Chiang Mai International Airport — airport code CNX — is Thailand’s third busiest after those in Bangkok and Phuket with nearly 3 million annual visitors and around 140 flights a week. The vast majority of those flights link this northern hub to the capital itself but direct flights head to other Thai cities as well as to international destinations — that is, you don’t need to change planes in Bangkok.
You have quite a choice when it comes to Bangkok-Chiang Mai flights. Thai Airways has a schedule that seems to change month to month, so there’s not much point listing their schedule here. Roughly speaking, they offer eight to 10 flights per day from 06:15 until 21:30. They’re not the cheapest, with a one-way ticket going for around the 3,500 baht mark, but if you were flying from Bangkok to a European destination with the same carrier then that extra domestic flight is a cheap add on.
The next most frequent carrier coming into and out of CNX is low-cost AirAsia. AirAsia has a schedule that’s even more confusing and changeable than Thai, and highly variable prices, as with all low-cost carriers (and these days often even with legacy ones). They run four or five flights during low season then seven or eight during high season, with prices dependent upon day of booking.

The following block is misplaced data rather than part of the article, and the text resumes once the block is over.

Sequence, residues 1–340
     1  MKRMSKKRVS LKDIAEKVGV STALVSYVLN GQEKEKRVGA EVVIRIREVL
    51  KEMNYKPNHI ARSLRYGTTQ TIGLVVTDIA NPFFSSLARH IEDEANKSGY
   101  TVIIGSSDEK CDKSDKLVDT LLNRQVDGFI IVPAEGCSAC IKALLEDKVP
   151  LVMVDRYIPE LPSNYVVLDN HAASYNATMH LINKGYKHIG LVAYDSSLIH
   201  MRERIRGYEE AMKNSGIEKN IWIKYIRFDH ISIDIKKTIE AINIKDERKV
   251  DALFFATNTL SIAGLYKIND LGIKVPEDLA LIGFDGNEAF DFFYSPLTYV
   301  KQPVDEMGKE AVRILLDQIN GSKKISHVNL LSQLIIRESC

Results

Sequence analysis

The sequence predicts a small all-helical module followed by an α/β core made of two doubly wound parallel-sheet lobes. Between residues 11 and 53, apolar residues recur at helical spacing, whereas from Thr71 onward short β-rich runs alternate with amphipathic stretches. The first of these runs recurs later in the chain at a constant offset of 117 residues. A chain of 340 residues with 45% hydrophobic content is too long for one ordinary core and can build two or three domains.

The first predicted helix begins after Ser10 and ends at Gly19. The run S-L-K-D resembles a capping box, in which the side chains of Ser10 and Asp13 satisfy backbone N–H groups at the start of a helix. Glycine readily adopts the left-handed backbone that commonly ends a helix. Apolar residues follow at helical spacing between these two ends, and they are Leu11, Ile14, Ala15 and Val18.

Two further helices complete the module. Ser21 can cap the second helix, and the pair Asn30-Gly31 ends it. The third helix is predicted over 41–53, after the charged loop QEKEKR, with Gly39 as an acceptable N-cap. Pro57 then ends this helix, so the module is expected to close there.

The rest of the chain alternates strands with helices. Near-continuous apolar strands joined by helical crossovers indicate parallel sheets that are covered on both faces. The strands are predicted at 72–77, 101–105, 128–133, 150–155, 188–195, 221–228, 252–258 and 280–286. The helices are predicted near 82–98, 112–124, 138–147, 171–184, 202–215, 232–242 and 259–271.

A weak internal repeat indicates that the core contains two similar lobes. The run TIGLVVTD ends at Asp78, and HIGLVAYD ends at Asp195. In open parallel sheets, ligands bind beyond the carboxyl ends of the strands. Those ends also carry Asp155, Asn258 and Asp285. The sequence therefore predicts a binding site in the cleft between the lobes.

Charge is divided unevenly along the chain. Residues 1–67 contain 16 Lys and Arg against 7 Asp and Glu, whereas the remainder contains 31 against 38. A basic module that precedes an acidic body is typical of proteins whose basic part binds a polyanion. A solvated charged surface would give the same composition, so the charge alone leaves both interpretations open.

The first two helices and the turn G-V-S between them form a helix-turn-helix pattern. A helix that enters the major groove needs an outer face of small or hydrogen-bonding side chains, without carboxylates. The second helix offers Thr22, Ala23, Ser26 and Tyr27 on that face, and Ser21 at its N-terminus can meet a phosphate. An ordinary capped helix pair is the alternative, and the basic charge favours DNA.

We’ll take a gamble on Bangkok Airways, which seems to have a schedule more regular than the others. Flights are for now at 08:00, 12:05, 17:00, 20:30 and 22:00, though the latter doesn’t run on Mondays.
All flights take approximately 50-55 minutes but note that while Thai and Bangkok Airways fly to Suvarnabhumi, Nok Air fly into Don Mueang and plans are afoot to move all the lowcost carriers there in the near future. (Air Asia are due to move in October.) Finally, to confuse matters further, Bangkok Airways codeshare with Air France, Eva Air, Etihad and Air Berlin, plus some others we’ve probably overlooked, so if you see Air France flying to Chiang Mai it is in fact Bangkok Airways.
With Thai you can obviously connect with numerous national and international destinations. Bangkok Airways connects to flights to Siem Reap, Phnom Penh, Rangoon, Ko Samui, Krabi and Trat, and have direct flights to Phuket and Ko Samui (though not daily so again — please check). Forget any low-cost carrier connections.
Penultimately on the domestic front is locally based Kan Air which schedules trips to other north Thai towns such as Mae Hong Son, Pai, Nan, Phitsanolok and Chiang Rai. These are respectively: daily, daily, four times per week, four times per week and three times per week, though don’t take that as written in stone. They also apparently plan to extend their fleet and range of destinations later on the year. Finally an outfit calling themselves Thai Smile claim to have begun Chiang Mai-Bangkok and CNX-Samui flights as of July 2012 with a further route to Macau of all places.
Moving on to international flights, AirAsia also fly direct to KL, but Bangkok Airways do not, as per certain rumours, fly direct to Cambodia anymore. Air Bagan have, at the time of writing, twice weekly flights from Chiang Mai to Rangoon but not at present, as also rumoured, to Mandalay. (Yes Air Bagan are owned by a dodgy Burmese general but no, their planes are not a liability, and are brand new craft with good service.)